Does anyone know the effects of cement in an aquarium. I used to work at a concrete block manufacturing plant and when we cleaned the machines some surprising formations came out. They looked like the walls of a limestone cave that formed stalactites and stalagmites.
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Old 08-16-2012, 03:17 PM   #23
 
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From the research that I've done towards driftwood, I'd say boil it for 8hrs., then wait for it to sink to the bottom of the container, that way you won't have to anchor it down because it is waterlogged.
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Old 08-16-2012, 08:14 PM   #24
 
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If I pick up local driftwood what would I need to do to make it safe for my aquarium? I have the time and I live on near an ocean beach with family near the Hudson river and the great lakes who I could ask to grab floaters for me.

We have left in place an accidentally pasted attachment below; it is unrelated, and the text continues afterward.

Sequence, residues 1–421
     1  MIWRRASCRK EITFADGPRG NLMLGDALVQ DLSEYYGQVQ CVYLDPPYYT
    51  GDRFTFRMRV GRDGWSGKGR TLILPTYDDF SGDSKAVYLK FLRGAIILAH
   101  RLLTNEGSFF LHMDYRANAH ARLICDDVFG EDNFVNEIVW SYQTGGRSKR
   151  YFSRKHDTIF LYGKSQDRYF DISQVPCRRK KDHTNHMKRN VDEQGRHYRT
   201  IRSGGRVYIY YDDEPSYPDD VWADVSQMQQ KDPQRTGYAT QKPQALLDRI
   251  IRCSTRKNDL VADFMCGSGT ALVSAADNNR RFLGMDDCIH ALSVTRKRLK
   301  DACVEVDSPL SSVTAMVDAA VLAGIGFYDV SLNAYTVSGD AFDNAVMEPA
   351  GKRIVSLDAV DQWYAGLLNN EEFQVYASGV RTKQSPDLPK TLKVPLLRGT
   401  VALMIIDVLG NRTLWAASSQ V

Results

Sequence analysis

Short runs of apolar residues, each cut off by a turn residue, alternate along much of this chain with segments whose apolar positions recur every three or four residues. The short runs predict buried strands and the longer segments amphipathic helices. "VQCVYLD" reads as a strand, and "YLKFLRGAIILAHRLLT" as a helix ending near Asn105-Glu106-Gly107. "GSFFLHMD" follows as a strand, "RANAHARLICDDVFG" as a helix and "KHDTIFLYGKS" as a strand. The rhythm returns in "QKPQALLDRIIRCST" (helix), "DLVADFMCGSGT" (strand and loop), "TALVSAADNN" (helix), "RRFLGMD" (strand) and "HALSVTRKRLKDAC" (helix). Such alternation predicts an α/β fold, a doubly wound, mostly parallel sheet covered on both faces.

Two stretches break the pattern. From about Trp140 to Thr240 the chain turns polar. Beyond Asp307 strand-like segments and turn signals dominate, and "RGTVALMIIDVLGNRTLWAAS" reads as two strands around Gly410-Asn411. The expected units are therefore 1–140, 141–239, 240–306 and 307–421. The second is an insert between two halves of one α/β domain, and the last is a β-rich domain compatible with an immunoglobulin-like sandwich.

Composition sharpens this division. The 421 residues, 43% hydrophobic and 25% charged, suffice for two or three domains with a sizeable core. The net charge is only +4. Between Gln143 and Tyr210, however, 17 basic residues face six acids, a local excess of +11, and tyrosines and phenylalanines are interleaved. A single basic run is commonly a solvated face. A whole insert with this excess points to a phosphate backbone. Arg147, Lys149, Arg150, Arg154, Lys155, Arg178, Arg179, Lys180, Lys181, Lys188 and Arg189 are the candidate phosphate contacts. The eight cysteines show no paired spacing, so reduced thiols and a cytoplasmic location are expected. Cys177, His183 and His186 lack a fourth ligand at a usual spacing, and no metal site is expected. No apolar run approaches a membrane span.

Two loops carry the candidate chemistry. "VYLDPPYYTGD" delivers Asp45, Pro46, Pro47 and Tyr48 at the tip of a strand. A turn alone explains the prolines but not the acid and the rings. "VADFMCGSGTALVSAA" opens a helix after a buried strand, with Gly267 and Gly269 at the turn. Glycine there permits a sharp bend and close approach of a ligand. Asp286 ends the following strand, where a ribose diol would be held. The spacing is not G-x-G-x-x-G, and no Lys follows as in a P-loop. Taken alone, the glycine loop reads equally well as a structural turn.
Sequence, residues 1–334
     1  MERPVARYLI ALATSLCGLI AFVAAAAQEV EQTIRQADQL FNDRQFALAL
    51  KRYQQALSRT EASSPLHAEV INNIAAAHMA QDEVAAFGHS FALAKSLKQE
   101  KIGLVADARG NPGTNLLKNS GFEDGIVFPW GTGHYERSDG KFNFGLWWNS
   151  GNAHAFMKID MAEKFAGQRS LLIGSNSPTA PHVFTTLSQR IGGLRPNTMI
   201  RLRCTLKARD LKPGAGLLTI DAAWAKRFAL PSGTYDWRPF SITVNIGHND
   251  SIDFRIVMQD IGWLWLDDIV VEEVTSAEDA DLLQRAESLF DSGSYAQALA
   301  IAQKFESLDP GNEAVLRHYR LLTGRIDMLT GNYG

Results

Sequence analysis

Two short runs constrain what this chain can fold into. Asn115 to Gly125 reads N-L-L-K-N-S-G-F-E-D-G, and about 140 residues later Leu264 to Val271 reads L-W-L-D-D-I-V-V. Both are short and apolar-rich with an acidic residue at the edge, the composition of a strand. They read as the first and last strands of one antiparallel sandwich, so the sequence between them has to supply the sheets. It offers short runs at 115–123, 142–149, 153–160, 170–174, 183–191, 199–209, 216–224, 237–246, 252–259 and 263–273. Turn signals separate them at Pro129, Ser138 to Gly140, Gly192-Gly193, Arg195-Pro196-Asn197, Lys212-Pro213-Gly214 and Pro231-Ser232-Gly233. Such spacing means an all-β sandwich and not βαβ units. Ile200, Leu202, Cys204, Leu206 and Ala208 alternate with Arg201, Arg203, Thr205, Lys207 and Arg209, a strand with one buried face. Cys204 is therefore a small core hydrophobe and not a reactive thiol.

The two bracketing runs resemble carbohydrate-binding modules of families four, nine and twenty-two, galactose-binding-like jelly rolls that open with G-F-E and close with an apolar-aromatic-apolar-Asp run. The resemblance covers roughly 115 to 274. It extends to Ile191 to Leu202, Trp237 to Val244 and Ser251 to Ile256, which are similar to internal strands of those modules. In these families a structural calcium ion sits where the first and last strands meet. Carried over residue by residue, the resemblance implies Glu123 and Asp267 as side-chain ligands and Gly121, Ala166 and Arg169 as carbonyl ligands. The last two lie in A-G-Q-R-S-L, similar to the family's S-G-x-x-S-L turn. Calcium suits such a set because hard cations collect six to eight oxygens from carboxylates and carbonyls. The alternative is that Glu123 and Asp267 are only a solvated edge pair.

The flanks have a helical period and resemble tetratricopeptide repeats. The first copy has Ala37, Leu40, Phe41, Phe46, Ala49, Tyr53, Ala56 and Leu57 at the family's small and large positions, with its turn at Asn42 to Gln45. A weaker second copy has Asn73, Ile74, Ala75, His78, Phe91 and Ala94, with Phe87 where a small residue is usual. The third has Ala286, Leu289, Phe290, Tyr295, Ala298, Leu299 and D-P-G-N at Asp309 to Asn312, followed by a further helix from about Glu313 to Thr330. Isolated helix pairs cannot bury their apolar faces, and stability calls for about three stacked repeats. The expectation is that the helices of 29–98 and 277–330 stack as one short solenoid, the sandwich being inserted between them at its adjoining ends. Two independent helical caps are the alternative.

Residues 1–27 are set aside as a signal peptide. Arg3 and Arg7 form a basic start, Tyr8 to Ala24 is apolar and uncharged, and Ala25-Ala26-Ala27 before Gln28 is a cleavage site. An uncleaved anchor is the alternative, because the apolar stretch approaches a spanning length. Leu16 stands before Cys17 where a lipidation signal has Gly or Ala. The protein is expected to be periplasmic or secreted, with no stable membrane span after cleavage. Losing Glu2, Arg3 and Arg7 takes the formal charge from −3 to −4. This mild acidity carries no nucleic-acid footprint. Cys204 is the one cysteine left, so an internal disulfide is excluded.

Does anyone know the effects of cement in an aquarium. I used to work at a concrete block manufacturing plant and when we cleaned the machines some surprising formations came out. They looked like the walls of a limestone cave that formed stalactites and stalagmites.
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On the cement first, it is calcareous, but generally designed not to dissolve but last in structures even in water.

Wood collected locally is always risky. Obviously avoid any ocean beach wood, it will have salt. Wood that is a hardwood, and that is old enough to have completely dried out, will work. Oak and beech are hardwoods. But then there are toxins it may have been exposed to over time and absorbed, and no amount of soaking or boiling can guarantee removal of these. The pathogens might be handled with boiling.
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Old 08-17-2012, 02:08 AM   #25
 
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Really?, avoid the salt? I would have thought the salt would help to keep toxins from penetrating too far, also I am thinking of this for my brackish tank so salt is of no issue. So where do the suppliers of the store bought stuff get theirs and how it is "purified"?